SINGAPORE: While trade tensions between the US and China are raising concerns about the implications for the global economy, business professionals around the world are optimistic about global trade, according to a survey published on Monday (Oct 22).
The Bloomberg survey of 2,000 business professionals in 20 markets showed that 74 per cent of them are optimistic that the global system of trade can be restored, though only in the long term. Despite the US-China tensions, 55 per cent said they believe that there will be more global trade in five years' time.
With the rise of new economies, half of global business professionals believe a globalisation model centred on multilateral free trade and open borders can be effective, though they say that the model must be tweaked to allocate the benefits more evenly across wider constituencies.
When asked to predict which countries will be the top three economic powerhouses in 10 years’ time, the majority selected China (86 per cent), followed by the US (70 per cent) and Japan (36 per cent).
“The … survey provides a barometer into public sentiment towards a world economy in transition, a key theme which we will explore at the New Economy Forum in Singapore next month,” said Justin B Smith, CEO of Bloomberg Media Group.
“The survey reveals vast differences in perceptions for the future and highlights the need to bring together global leaders in business and government to find private sector-led solutions to some of the world’s biggest challenges.”
GLOBAL GOVERNANCE NEEDS TO BE ADDRESSED
Global governance was identified as the most critical global challenge requiring action. This sentiment was especially strong among respondents from India, the Philippines, Malaysia and the Middle East, the survey showed.
Yet, despite that expressed lack of confidence in government leadership, three-quarters of respondents across the globe said they believe that world leaders and governments should be the primary force in driving initiatives to overcome global challenges. Only 10 per cent of respondents think that businesses and the private sector should take the lead to address today’s global challenges.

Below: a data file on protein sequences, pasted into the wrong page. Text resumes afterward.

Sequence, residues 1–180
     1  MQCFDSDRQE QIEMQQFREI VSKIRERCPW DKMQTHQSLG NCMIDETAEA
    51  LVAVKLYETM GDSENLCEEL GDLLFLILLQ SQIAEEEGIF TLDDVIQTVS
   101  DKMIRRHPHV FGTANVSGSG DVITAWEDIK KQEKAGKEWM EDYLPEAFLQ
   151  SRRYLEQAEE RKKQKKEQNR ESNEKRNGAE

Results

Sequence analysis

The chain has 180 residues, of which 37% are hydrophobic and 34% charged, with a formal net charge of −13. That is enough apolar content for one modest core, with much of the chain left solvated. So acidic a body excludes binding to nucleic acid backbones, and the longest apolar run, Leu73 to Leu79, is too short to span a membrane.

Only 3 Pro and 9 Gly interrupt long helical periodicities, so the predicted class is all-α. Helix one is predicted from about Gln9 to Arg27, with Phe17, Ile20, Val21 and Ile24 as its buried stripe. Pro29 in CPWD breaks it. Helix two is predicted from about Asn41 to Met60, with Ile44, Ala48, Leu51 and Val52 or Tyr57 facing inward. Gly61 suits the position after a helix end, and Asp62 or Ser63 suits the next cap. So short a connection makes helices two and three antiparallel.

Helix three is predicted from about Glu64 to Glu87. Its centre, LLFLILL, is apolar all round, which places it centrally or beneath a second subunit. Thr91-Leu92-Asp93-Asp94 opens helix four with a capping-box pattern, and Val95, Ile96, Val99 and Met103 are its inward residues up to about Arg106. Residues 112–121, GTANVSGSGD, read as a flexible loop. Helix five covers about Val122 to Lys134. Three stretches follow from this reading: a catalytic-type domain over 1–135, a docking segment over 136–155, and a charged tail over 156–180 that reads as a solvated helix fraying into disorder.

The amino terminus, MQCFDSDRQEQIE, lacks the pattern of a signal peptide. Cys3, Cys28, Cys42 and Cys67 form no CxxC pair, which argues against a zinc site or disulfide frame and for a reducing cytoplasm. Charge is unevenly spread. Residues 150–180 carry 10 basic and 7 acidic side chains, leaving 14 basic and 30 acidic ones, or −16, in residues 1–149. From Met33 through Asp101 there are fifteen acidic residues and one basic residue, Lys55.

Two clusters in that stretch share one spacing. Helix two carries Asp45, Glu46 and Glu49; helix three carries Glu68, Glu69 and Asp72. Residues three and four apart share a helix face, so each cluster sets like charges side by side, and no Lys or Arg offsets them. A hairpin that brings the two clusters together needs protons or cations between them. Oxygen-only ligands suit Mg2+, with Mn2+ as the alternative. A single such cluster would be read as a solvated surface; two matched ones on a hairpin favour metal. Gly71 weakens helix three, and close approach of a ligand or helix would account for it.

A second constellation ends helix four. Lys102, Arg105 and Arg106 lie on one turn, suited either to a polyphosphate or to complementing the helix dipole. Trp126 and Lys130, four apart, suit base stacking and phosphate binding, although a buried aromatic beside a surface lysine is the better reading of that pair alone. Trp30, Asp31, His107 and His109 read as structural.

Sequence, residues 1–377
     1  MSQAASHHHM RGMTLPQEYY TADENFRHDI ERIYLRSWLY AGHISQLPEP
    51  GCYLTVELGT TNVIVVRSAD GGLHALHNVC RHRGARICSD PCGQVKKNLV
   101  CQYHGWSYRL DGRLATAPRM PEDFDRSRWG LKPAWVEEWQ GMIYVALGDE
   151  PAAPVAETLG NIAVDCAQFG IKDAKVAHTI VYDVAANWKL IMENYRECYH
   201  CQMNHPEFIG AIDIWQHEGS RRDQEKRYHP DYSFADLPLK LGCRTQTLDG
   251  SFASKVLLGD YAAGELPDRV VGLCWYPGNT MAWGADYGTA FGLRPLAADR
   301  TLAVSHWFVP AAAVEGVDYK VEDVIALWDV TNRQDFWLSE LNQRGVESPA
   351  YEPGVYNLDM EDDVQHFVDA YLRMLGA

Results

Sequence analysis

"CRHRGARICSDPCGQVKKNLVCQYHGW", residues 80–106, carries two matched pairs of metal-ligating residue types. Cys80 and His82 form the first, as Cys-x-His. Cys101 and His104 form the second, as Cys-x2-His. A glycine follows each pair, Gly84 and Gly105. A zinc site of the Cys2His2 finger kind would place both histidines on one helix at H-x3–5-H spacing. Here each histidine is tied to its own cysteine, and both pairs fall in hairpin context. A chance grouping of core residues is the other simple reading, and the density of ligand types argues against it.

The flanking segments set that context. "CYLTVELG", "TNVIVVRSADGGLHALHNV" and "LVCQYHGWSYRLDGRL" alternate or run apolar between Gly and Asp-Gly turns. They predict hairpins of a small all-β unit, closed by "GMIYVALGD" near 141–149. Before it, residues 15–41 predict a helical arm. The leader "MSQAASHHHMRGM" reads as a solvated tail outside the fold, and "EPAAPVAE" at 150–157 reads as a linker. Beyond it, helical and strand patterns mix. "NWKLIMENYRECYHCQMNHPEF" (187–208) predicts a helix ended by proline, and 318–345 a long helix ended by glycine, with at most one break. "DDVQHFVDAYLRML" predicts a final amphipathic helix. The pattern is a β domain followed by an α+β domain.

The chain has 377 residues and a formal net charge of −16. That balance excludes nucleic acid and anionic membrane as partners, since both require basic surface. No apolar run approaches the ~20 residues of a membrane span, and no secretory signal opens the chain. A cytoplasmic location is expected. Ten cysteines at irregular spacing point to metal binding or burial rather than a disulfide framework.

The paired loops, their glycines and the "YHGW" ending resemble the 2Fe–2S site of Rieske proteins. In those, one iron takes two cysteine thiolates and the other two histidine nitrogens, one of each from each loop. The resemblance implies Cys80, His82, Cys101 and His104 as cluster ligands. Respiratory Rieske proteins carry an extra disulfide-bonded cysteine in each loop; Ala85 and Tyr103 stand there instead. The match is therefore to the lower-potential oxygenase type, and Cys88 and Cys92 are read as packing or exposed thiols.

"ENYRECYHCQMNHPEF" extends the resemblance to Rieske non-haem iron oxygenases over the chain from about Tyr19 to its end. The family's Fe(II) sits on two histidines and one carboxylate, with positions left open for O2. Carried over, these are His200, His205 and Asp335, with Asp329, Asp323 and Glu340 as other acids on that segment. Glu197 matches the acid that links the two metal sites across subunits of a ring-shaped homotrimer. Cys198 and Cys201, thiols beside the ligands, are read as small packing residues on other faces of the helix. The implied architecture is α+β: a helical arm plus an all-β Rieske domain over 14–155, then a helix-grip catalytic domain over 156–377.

Smith said the private sector has no choice but to tackle the issues arising from the emerging economic order, because governments are failing to act. “We think that private sector businesses must take greater leadership in addressing key global challenges,” he said.
“New economies are playing an expanded role across trade and businesses today, and with a changing new world order, there is an urgent need for real dialogue and action on the long-term implications of this transitional moment.”
DIVERGENCE OF EMERGING AND DEVELOPED MARKET VIEWS
The survey showed there was greater confidence in the trade outlook in developing countries than in the developed world, where protectionist sentiment is rising. More than three in five business professionals from emerging markets say they believe that there will be more global trade in five years’ time.
That view was especially pronounced among respondents from China, Indonesia, the Philippines, Thailand and India. This contrasts with the view of those from developed markets, where just over one-third expect more global trade in five years.
Tom Orlik, Bloomberg's chief economist, said: "One of the striking findings from the survey is the divergence between optimism about the global trade outlook in emerging markets and pessimism in developed economies.
“This suggests that, for emerging markets, the costs of the current slide towards a trade war could be less than expected. If businesses retain that fundamental optimism about the outlook for trade, continued hiring and investment could propel growth forward, even as tariff barriers rise."
Such issues will be in the spotlight at the Bloomberg New Economy Forum, which aims to develop private sector-led solutions to address some of the world’s greatest challenges, including globalisation and trade, technology, finance and capital markets, climate, urbanisation and inclusion.
The inaugural New Economy Forum will be hosted by Michael R Bloomberg in Singapore on Nov 6 to 7.